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Welcome back. It must have been a good day Tuesday, virus-wise: the cruise lines and the airlines led the market. Perhaps it was the news that the Moderna vaccine works well in teens. Whatever it was, good. Summer starts this weekend. Meanwhile, there is a certain vexed topic I cannot seem to get away from . . .
Two more points about bitcoin and then I’ll stop, I promise
Readers may remember my argument last week that it helps to think of bitcoin as equity in a company whose only asset is a promising but unproven technology. The technology is a new form of money. Lots of people have agreed or disagreed with the notion that bitcoin technology is unproven, but if you can accept that idea, the argument can be improved upon.
Peter Atwater, president of Financial Insyghts and sometime contributor to the FT, has pointed out that my argument can be taken a step further, by thinking of bitcoin as a call option on a company with an unproven technology. What’s the difference? The call option better captures the volatility and sentiment that characterises bitcoin trading. Atwater points to this chart of call option volume in the big, hyped-up tech stocks (blue line):
Now look at a chart of bitcoin:
That blue line up top does look a fair bit like the yellow one below. Here is Atwater:
“The correlation isn’t a perfect fit. The 2018 call option volume follows Bitcoin Bubble 1.0 rather than being coincident with it, but the more recent parallel is both striking and apt.
“Excited retail stock investors are always last to the party and when they enter the room, they look for the fastest way to get drunk. They reach for the most leverage they can, believing that prices only go up. Call options provide the perfect tequila shot. Cryptocurrencies now serve the same role, only with price volatility that is 10 times that of stocks . . .
“ . . . call options are always the very last stop of the bull train.”
I think Atwater is right that part of the reason that bitcoin is popular now is its immense volatility. But there is of course the possibility that this call option will pay out big in the end, because the underlying technology could turn out to work.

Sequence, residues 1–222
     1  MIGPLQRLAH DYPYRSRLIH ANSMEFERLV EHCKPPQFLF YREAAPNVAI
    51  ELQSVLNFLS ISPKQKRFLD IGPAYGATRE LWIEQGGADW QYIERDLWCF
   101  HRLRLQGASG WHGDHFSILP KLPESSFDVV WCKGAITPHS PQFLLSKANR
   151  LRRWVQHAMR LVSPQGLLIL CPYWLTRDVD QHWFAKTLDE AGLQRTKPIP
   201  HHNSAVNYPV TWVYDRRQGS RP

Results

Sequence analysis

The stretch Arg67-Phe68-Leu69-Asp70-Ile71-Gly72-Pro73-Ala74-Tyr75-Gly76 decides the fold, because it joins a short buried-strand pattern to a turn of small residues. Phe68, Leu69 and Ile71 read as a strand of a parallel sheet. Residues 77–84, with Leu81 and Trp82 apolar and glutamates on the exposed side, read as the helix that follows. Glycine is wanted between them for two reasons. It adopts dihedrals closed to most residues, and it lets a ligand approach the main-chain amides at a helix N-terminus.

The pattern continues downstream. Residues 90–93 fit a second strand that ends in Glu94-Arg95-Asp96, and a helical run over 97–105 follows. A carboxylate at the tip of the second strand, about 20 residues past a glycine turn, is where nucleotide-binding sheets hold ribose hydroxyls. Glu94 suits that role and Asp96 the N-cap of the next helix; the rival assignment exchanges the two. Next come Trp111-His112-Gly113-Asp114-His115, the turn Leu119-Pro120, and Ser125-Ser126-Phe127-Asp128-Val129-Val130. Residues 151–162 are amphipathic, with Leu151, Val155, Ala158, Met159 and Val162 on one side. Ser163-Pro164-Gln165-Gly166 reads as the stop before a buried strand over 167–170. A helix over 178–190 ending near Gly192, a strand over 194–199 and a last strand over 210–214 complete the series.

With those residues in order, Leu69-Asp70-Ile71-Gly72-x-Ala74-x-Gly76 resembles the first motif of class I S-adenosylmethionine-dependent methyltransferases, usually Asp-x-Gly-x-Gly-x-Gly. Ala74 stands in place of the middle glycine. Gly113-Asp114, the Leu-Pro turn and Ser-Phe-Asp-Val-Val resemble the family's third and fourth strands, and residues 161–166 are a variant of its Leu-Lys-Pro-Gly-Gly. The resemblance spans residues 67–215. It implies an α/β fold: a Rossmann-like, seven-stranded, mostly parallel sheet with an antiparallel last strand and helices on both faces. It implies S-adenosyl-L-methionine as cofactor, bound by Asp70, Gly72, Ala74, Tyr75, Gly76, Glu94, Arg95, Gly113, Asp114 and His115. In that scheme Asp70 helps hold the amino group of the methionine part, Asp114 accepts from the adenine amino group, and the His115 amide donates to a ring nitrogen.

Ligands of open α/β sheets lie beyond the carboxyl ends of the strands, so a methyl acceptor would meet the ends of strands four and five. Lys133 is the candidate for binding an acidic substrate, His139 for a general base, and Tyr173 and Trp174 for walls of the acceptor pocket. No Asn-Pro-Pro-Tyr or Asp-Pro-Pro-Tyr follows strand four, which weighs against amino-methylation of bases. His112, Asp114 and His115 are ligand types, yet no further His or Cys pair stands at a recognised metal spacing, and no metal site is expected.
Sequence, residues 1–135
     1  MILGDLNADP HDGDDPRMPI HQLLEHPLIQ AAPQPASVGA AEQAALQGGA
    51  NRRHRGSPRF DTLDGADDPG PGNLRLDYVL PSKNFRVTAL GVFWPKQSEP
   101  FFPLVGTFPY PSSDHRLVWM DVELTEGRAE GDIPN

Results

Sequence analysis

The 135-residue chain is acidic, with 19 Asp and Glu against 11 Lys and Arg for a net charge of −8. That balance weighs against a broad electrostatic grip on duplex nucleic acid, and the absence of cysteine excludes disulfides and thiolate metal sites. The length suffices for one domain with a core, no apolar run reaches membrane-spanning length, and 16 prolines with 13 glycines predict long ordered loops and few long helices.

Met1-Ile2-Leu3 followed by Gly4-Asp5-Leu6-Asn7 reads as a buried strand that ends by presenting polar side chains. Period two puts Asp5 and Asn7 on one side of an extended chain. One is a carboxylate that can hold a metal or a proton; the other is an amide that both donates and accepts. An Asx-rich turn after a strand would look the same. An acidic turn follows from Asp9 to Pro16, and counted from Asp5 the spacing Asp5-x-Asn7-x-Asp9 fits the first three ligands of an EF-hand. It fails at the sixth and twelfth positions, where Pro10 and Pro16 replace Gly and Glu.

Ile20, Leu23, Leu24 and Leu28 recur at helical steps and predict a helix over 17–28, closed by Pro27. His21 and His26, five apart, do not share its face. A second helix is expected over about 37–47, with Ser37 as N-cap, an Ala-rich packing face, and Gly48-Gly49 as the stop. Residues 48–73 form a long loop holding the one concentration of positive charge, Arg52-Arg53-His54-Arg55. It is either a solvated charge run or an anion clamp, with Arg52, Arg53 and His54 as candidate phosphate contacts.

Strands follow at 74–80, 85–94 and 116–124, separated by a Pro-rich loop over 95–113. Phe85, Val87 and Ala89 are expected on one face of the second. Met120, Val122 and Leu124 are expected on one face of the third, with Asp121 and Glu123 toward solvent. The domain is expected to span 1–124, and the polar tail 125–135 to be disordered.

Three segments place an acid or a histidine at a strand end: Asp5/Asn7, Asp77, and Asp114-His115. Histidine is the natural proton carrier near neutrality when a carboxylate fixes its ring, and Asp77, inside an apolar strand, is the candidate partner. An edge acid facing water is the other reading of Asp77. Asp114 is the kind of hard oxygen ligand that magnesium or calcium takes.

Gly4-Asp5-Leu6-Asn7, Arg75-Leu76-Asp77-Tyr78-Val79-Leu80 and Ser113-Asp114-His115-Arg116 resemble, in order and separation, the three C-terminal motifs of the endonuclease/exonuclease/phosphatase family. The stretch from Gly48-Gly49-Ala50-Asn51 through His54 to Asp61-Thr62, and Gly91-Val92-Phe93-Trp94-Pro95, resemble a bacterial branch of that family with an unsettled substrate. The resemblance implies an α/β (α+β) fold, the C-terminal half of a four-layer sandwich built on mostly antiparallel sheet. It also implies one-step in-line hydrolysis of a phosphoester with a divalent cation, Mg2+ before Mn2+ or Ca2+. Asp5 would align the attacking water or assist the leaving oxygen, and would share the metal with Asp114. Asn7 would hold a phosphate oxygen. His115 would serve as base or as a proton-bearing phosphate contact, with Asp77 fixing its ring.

In this context, a reader pointed out to me another good feature of the bitcoin-as-equity idea: companies with uncertain growth prospects actually should have surprisingly high values (as bitcoin does) according to the most canonical of valuation approaches — the dividend discount model (do you feel this getting geeky? You should be).
A paper written some years ago by Lubos Pastor and Pietro Veronesi argued that the Nasdaq bubble of the late 1990s was not as bubbly as many think. This is because the growth prospects of tech companies were then highly uncertain, and such companies actually should have high valuations. This is not intuitive, so I got Professor Pastor on the phone at the University of Chicago and he walked me through the argument.
Under the dividend growth model, the value of an asset increases with the growth rate of its dividends (the model can be applied to companies that don’t pay dividends by substituting, say, growth in equity value for dividend growth). But, crucially, value does not increase in a linear relationship with growth — price accelerates as growth goes up. Why? Because of compounding. Just as, with a debt that is not paid regularly, interest accrues on interest, growth accrues on growth.
Here is the punchline: between a stock that is expected to grow 20 per cent, and a stock that is expected to grow either 10 per cent or 30 per cent with equal probabilities, the latter is worth more, because the price curve is convex (feel the geekiness coursing through you!).
Here is a graph (which may look suspiciously like I banged it out in two minutes using Microsoft Word):
Notice the convex orange line, where growth rates meet valuations. The stock marked with the blue star, which might grow fast or grow slow, has a higher valuation than the middling-growth stock marked with a red diamond. This despite having the same average expected growth rate, because of the compounding potential of the higher of its two possible growth rates.
Back to bitcoin, at last: my view is that, like an option on an unproven but promising tech company, it is either worth a whole lot more than it is now — or nothing at all. But such things are and should be worth quite a lot. As Pastor put it to me: “Lottery tickets on growth are very valuable.”
Armstrong screws up some easy math
In the section about cold calling yesterday, I made a dumb math mistake, implying that a cold caller had to make 10,000 calls in a day to make a sale. That would be impossible. I meant 1,000 calls, which you could make in a (very long) day, on the (correct) assumption that the great majority of the calls are just seconds long (ie, “click”).
One good read
My colleague John Plender is worth reading on any topic. His analysis about threats to the reserve status of the US dollar is no exception. We’ve all read a million columns about the death of the dollar over the years, and it lives on. But John argues convincingly that, at least at the margin, things are shifting.
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